So then to make babel do something with this we need to, sorry let me just so you can take a look at it really quick. To make babel do something with this, we do need to set that environment variable before we run the test. The way that we can do that is actually platform specific.

So we're gonna get something that'll make it so that we don't have to be platform specific, but I'll just show you what it looks like normally and that is in our test command we'll say so this for Mac only if you're on Windows just hold off on a site if you do know how to like set environment variables with Windows you can try this for that.

Well, we will say node to ENV equals test. And now if I run NPM build or NPM run build then I look at my index and everything looks hunky dory. And if I run NPMT for running the test, then everything passes just fine. So I'm getting the best of both worlds, they're both working.

Any questions so far? So, like I said, if you're on Windows, doing this will not work and I battled with this for quite some time until I finally wrote something called cross-env. That's all you need to do. Of course, you'll need to install it, which you already have, but by adding cross-env in front of there, this will work on Windows and Mac and Linux and hopefully everywhere.

That's the idea. So you do it as if it's a Linux machine, but cross-env will detect your platform and set the environment variable for you.
>> Kent C Dodds: So then if we run npm t, we should still get passing tests.
>> Kent C Dodds: Yep.
>> Kent C Dodds: Okay, and that's it actually. Does anyone have any questions?

Okay. I'm going to let people ask questions here. I wish that I had a polling thing, because if I did, I would poll you all and ask you if you want to spend any time migrating this to ES6 that's not exactly like part of the workshop, or something that I think is important for your learning of making a library.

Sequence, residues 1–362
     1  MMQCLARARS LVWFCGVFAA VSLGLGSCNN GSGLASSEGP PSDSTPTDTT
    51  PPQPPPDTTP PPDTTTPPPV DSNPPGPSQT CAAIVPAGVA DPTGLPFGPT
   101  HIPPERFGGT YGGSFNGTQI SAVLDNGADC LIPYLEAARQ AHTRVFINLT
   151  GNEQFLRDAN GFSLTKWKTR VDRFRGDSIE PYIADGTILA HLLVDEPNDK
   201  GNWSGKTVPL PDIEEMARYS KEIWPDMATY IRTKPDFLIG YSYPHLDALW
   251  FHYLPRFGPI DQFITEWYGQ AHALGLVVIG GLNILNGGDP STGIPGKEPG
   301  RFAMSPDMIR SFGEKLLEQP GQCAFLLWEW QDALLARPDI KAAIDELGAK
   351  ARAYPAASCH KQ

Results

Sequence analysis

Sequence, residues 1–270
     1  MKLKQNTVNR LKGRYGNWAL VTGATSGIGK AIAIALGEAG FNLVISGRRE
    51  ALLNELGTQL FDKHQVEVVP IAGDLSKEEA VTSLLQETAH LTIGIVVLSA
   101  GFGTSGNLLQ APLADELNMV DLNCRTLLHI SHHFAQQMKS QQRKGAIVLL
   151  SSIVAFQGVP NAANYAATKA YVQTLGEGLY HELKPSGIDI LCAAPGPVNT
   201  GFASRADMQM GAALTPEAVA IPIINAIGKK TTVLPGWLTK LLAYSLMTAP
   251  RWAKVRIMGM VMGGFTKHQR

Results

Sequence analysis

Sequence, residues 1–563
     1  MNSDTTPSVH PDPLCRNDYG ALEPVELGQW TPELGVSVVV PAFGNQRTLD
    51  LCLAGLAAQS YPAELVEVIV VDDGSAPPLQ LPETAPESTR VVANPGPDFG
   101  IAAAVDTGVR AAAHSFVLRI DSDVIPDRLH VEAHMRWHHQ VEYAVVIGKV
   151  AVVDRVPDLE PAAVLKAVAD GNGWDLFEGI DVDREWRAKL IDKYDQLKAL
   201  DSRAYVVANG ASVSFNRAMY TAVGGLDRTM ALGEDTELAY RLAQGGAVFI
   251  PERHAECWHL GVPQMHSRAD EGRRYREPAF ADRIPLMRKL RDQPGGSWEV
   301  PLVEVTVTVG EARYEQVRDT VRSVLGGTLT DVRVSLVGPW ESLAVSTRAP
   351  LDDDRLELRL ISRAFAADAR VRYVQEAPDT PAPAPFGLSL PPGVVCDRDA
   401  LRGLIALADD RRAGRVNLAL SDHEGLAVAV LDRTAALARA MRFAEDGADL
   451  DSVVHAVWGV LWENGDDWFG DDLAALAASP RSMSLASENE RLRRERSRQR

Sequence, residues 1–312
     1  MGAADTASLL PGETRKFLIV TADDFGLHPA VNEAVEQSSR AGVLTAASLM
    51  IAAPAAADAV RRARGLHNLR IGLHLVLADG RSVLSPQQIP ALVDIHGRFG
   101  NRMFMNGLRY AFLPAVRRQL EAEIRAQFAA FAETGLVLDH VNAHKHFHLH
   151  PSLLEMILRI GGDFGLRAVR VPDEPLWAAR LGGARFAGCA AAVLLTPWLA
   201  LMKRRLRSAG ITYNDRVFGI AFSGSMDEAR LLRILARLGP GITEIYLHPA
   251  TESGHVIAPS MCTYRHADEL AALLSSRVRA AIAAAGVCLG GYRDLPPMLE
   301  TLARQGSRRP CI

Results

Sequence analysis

But if enough of you want to have some time to do that, then I can wait for five or ten minutes. Anybody wanna just kind of move on? You can learn the ES6 somewhere else. Yeah. That's kind of what I was thinking, too. Okay. Cool. Learning ES6 somewhere else.

For now we're just gonna use this magical git checkout thing. So actually I'm gonna just reference this.
>> Student: Can I ask you a question about the
>> Student: The instrumentation that you showed us there.
>> Kent C Dodds: Yeah.
>> Student: It looked like there were only a few lines that were instrumented.

Did it actually try to un-instrument it during the, what happened to that there was-
>> Kent C Dodds: Yeah, yeah, let me answer that question, yeah, I understand what you mean. So here actually let's go back to exactly what you're talking about. Yeah, we'll do that, it will be easiest to just say NODE_ENV=test and then npm run build.

So with that, we have this function that does who even knows what. And then we have our code right here where it's instrumenting this line by saying okay, you got a require statement here and you need to make sure that this assignment runs. This main export line needs to run.

We also did have the import statement up here. This is generated code. So there is somewhere in here where that import statement is verified to run. So we are instrumenting every interesting thing. Maybe I could put a couple if statements in here, but I think you get the idea.

If we open up that coverage report though, lcov-report/index.html. Then we're going to see that there are actually only three lines that have instrumentation reported. I'm guessing that probably the reason that this import statement is not being reported is likely because your program wouldn't run at all if that wasn't correct.

That's my guess. I don't know how you would instrument an ES6 import because it's static. And so your program won't even run. That's my guess. But that'd be definitely an issue to file and ask about on NYC. But yeah, there is not a whole lot in here, not many lines in here to even instrument anyway.

That's why you don't see too much. Great question. Okay, so let's just get back to this thing. Wait, no, it is. Yeah, actually I didn't change anything. So we'll get diff with the next branch just to see what we've. Whoops, just copy this guy.
>> Kent C Dodds: Okay, I'm lost.

Forget it. We'll just check out the next branch. [LAUGH]